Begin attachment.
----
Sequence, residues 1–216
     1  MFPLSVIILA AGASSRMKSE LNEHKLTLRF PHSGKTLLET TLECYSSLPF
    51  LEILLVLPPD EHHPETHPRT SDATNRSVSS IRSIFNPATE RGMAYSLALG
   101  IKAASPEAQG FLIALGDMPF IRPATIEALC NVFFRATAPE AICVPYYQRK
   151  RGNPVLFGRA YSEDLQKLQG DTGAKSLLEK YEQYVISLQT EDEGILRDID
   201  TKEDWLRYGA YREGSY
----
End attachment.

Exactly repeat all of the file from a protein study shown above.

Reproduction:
Sequence, residues 1–216
     1  MFPLSVIILA AGASSRMKSE LNEHKLTLRF PHSGKTLLET TLECYSSLPF
    51  LEILLVLPPD EHHPETHPRT SDATNRSVSS IRSIFNPATE RGMAYSLALG
   101  IKAASPEAQG FLIALGDMPF IRPATIEALC NVFFRATAPE AICVPYYQRK
   151  RGNPVLFGRA YSEDLQKLQG DTGAKSLLEK YEQYVISLQT EDEGILRDID
   201  TKEDWLRYGA YREGSY